Published October 28, 2019
For Jason Sprowl, UB’s New Faculty Academy offered an opportunity to get to know other new faculty members and learn about services at the university that he was not familiar with.
“I did appreciate some tips on items I was not familiar with,” says Sprowl, who joined the faculty of the Department of Pharmaceutical Sciences in fall 2018 as an assistant professor, “and it was nice to have feedback on the research project I generated during my semester (in the academy). It was also nice to meet up with other new faculty who were having similar struggles with a new position.”
Andrew Lison, who joined the Department of Media Study last fall as an assistant professor, says he wanted to take part in the New Faculty Academy to “continue his pedagogical training” and to “learn the ins and outs of conducting research here at UB and what resources were available to help me in that regard.”
And that’s exactly the idea behind the New Faculty Academy, notes Robert Granfield, vice provost for faculty affairs.
Granfield explains that the typical model for new faculty has been that “they finish their degrees and they come in (to a faculty position at UB) and that’s the end of structured learning. We really wanted to build this idea of an ‘academy within the academy,’ so that the university could support their continued education to enhance their success,” he says.
UB had offered more opportunities to engage new faculty during the past several years — including orientation sessions and brown bag sessions on a variety of topics — but those opportunities were limited, Granfield says.
“They were useful, but they were not tied together in any way,” and attendance was spotty, he says.
The New Faculty Academy, now in its second year, offers a unified, two-track curriculum developed and presented with the help of two collaborators: the Center for Educational Innovation for the teaching track and the UB Libraries for the scholarship track.
Participants — nontenure-track as well as tenure-track faculty — can take part in one or both tracks, each of which runs a full semester. Granfield says the program follows a fellowship model, with participants, or fellows, expected to fully commit to attending monthly workshop sessions in the classroom, as well as follow-up sessions.
Each fellow also is expected to work on a project over the course of the semester — and ideally over an entire year — applying what they’ve learned in class to the project.
The projects can range from developing a module for a course or revamping curriculum for those on the teaching track, to developing a grant proposal or writing a research paper for those on the scholarship track. The tracks culminate with a “celebratory showcase” in which participants present their projects.
“You commit to a semester of working on this; you walk away with a tangible product — not just a good idea, but something in hand,” says Tilman M. Baumstark, associate vice provost for faculty affairs.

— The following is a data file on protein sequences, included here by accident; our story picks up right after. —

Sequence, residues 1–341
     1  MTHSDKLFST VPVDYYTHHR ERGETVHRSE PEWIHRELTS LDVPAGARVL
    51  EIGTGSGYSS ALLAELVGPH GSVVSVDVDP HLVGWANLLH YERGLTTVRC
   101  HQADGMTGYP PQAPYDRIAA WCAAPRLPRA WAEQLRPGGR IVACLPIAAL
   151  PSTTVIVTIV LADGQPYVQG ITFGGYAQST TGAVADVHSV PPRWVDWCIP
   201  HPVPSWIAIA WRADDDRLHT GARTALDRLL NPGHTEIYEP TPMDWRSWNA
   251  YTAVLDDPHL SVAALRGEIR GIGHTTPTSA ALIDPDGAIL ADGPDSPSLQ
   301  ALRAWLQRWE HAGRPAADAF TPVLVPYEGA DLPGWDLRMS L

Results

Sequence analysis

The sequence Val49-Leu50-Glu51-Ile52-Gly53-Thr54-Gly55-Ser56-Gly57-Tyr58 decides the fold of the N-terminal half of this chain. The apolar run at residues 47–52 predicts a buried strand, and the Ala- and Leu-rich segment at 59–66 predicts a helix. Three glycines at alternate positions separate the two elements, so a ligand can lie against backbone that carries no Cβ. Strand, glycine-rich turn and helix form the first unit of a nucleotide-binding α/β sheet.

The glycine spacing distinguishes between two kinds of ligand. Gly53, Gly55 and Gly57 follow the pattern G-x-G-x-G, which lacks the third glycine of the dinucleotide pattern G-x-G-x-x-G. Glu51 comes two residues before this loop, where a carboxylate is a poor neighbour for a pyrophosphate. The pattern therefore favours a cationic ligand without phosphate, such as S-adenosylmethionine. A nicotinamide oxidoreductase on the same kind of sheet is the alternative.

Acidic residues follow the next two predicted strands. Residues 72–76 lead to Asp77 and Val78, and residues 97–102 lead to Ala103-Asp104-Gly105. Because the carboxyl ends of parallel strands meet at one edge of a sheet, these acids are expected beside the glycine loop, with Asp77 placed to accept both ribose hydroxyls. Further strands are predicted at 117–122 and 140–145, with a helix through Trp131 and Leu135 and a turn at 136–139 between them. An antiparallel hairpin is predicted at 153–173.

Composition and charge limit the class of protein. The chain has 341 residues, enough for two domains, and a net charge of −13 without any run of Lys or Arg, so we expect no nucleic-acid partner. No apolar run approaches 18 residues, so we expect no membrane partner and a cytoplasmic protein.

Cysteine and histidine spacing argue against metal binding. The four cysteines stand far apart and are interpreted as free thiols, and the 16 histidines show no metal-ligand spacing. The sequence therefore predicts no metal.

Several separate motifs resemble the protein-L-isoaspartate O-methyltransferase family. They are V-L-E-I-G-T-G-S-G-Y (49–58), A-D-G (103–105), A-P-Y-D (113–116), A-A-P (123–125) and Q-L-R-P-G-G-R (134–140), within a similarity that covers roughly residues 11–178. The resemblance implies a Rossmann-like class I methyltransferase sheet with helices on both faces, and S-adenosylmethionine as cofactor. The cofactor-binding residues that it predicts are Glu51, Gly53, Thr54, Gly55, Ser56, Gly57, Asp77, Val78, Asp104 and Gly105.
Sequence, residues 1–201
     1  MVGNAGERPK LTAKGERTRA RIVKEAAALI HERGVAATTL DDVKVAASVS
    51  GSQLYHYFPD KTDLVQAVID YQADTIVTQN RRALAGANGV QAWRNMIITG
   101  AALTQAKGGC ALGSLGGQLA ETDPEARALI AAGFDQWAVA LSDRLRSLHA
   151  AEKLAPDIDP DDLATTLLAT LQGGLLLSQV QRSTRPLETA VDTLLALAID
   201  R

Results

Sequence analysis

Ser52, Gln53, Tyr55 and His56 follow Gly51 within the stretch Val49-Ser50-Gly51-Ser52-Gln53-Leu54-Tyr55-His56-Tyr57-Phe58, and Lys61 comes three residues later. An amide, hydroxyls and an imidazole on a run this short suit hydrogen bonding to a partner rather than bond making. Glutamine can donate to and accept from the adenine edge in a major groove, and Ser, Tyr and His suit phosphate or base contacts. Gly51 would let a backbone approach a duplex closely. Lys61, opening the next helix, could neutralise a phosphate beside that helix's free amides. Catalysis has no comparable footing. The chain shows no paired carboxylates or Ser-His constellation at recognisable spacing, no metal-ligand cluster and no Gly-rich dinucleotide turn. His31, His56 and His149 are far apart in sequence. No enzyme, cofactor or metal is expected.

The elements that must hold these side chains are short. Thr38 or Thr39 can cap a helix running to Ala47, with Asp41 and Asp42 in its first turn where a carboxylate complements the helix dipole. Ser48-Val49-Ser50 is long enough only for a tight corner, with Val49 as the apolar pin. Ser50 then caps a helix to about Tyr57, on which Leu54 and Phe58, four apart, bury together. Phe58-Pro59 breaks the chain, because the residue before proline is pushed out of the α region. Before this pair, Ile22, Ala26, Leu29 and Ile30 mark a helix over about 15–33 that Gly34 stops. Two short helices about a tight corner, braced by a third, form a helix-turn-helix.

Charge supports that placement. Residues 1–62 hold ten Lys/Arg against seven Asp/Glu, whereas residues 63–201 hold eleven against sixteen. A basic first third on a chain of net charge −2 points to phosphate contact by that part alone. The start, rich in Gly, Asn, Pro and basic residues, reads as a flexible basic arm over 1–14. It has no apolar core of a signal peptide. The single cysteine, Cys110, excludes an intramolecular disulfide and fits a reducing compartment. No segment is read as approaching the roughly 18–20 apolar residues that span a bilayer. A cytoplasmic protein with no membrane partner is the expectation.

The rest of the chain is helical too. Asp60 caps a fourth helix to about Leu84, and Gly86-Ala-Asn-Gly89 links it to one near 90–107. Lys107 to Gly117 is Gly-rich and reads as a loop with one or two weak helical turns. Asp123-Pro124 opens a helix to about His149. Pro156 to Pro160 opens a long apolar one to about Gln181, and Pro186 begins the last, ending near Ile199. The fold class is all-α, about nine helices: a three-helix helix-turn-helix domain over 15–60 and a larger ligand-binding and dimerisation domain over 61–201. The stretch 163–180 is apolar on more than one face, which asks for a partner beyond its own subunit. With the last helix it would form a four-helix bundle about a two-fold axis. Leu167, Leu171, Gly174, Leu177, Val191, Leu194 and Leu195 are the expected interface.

Granfield points out that the program sessions — held in the CEI, which has some of the latest technology available — are very interactive. “It’s not like they (fellows) go in, like a workshop, and listen to people talk. They’re actually participating in it. So they come out the other end with a module in their course, or an entire course developed, or an article that they’ve finished, or part of a grant proposal that they’re working on. It really is project-focused and individualized.”
Baumstark says faculty in particular value “the sense of building community.”
In many cases, faculty go to a workshop and never see the other attendees again, he says. “Here, you keep meeting the same people in small groups for the semester. It really helps them to get their first network on campus.”
“Ultimately, it’s to try to enhance the success of the faculty who participate in these areas in both scholarship and teaching, and also make contributions to our students,” Granfield says. “We certainly want exceptional teachers in the classroom teaching students with the latest, up-to-date teaching modalities and teaching skills.
“What we’re really trying to do,” he says, “is to engage faculty at multiple levels — in this case new faculty — to really try to enhance their success as researchers and educators.”
Faculty Affairs reaches out to new faculty to invite them to take part in the program, and the deans and chairs of those who do are notified of their participation. This creates “accountability” and lets faculty know “that your dean and your chair specifically endorsed you to do this,” Baumstark says, adding that the administrators are invited to the final showcase so they can see what their faculty have done in the program.
“The idea is for faculty to eventually put this in their dossiers for tenure and promotion,” he says, noting that the UB Libraries and CEI also are working to create badges for the New Faculty Academy to make it part of a broader microcredentialing program.
Granfield says the New Faculty Academy is just one element in a larger effort by Faculty Affairs to expand its traditional function of coordinating the promotion and tenure process, and move more broadly into faculty development and engagement.
Other activities include new faculty orientation, an annual two-day retreat and monthly follow-up sessions for new department chairs, workshops for mid-career faculty and Presidential Review Board workshops designed to help faculty navigate the promotion and tenure process.